Urban Design Principles, Architecture, Fall 2012

  • Inhabiting Vastness: Situational Aperture
     
    This project redefines the built environment as collective spaces for exchange by creating an interface place. As an artifact (*) to the city the proposal is a wall, but a wall that that is caught in suspense: between enclosure and division, disintegration and assemblage. The varied sizes of the openings reveal what lies between, within, and beyond the wall. The layering of these openings creates opportunities for spaces that are voids of contemplation and frames of observations allowing for a dynamic dialogue between the individual and the group.
     
    *Artifact, not as a dated product of circumstances that exist solely in a given time period, but an artifact that is ever changing. Today, the proposal is situated on an edge where it exists as a catalyst. Nevertheless, one day it will become the citation. It is an artifact that is to be integrated and exploited. It is an artifact that always has new potential.
     
     
    The studio consisted of four parts: mapping, storefront intervention, urban analysis, and finally housing. The studio was divided into six sections, each section was given a district of Boston to work within. My section, lead by Professor Silvia Acosta, was given the Seaport and Fort Point Channel Districts of Boston.
  • Urban Analysis: For Part 1 we were asked to divide ourselves into smaller working groups and analyze our given neighborhood according to the following list: movement networks, natural systems, building types and forms, technology and infrastructure, urban morphology, and sensory environments. Each working group was asked to analyze the chosen subject/topic of the city at five scales: the body, the room, the building, the block, and the neighborhood. Our analyses considered a variety of starting points, including history, transportation, zoning regulations, pedestrian movement, uses of space, topography, vegetation, materiality, light, physical form, historical precedents, typology, visual corridors, demographics, activity, memory, hydrology, and geology.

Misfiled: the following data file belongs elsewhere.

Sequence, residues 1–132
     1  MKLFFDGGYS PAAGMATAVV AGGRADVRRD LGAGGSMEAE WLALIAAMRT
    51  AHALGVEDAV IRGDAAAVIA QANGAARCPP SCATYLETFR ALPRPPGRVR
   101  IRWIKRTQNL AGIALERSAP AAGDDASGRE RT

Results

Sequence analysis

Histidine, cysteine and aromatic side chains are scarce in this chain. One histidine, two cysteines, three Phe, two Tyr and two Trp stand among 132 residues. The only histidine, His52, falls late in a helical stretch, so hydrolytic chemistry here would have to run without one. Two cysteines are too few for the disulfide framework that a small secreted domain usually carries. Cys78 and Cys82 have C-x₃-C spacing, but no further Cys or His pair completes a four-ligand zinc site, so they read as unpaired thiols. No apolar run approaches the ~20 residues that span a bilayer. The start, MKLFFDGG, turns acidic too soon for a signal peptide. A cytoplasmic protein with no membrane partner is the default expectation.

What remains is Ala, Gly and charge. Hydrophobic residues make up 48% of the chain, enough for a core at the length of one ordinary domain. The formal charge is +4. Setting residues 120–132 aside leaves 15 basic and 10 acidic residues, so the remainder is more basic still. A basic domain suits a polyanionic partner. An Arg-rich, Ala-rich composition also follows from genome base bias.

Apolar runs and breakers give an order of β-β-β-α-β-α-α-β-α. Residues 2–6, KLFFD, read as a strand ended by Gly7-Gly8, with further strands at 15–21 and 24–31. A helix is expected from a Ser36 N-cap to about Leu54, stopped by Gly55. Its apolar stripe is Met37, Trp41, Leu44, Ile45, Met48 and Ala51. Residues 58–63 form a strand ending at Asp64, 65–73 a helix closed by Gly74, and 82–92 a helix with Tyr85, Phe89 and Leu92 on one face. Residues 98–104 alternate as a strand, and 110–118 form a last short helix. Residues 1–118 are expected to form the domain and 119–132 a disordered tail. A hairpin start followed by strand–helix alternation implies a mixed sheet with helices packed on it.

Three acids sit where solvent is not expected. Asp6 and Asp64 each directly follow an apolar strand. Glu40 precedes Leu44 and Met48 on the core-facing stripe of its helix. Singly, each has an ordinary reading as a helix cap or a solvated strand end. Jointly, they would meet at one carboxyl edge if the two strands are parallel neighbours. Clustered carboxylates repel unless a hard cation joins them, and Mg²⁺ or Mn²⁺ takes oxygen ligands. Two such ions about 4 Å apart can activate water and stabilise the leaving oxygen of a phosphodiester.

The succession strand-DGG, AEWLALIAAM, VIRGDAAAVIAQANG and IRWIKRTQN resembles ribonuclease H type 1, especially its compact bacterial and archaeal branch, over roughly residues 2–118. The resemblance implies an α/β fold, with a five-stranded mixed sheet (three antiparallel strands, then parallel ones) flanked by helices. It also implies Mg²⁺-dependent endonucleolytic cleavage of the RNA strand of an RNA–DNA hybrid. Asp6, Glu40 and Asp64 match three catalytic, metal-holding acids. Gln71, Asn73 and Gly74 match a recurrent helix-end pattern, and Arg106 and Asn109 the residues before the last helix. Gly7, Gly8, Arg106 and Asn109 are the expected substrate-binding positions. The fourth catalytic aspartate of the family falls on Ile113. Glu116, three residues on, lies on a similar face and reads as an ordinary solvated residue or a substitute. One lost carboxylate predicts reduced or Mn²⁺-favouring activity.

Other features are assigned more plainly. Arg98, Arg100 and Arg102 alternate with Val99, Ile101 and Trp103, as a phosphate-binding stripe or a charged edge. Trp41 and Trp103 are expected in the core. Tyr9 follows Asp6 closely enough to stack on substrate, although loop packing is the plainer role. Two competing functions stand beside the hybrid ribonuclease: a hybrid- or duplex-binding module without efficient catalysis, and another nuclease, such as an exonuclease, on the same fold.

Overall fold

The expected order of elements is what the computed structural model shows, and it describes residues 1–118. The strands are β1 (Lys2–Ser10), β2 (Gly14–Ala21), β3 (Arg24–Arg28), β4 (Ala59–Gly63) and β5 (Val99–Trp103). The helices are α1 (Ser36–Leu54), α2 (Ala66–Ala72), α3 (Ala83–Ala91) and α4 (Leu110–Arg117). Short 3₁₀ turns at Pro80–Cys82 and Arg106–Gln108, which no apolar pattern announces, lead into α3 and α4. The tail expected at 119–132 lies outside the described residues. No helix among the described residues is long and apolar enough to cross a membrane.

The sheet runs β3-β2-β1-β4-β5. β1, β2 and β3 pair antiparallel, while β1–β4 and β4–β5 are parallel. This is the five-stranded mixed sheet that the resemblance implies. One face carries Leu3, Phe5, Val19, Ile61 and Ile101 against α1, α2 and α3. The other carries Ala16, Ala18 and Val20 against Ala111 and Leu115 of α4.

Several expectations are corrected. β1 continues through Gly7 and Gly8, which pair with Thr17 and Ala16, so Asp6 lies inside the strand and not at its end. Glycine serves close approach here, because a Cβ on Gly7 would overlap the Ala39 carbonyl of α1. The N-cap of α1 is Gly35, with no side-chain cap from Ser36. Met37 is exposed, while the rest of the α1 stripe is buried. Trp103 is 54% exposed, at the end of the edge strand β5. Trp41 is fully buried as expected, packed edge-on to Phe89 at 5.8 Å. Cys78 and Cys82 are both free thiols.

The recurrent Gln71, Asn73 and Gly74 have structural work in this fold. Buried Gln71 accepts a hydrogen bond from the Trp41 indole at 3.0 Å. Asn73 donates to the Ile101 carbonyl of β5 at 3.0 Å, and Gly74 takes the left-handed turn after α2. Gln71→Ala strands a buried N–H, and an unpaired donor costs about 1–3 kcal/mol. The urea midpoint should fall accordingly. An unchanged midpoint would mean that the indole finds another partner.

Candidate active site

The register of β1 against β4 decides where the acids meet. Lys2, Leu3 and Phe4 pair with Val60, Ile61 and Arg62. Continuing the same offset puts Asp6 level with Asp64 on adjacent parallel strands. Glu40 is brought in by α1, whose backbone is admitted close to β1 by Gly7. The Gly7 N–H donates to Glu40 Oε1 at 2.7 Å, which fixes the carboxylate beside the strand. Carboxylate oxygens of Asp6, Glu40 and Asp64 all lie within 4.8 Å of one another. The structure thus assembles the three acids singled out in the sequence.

Lucy Siyao Liu and myself were assigned to study the urban morphology of our site and its context. After completing the urban morphology analysis we were asked to collaborate as a section to combine the six areas of study/subjects into one comprehensive analysis of our neighborhood.
  • Housing: In the previous exercises, we have seen how housing functions as the fabric of neighborhood in each of the districts we have studies. We are now asked to create new extensions and transformations of those neighborhoods with fabric of our own design. Urban dwellings must function in multiple ways – as homes for individuals, family groups, and communities and as the building blocks of the public realm. By exploring this dual nature of the private and the public, we will need to think about the tension between the individual and the whole, repetition and singularity, private and public. How can one accumulate increments of private space to form larger public spaces. How are the transitions from public streets to intimate personal spaces choreographed? How does architecture structure the relationships of strangers living in close proximity?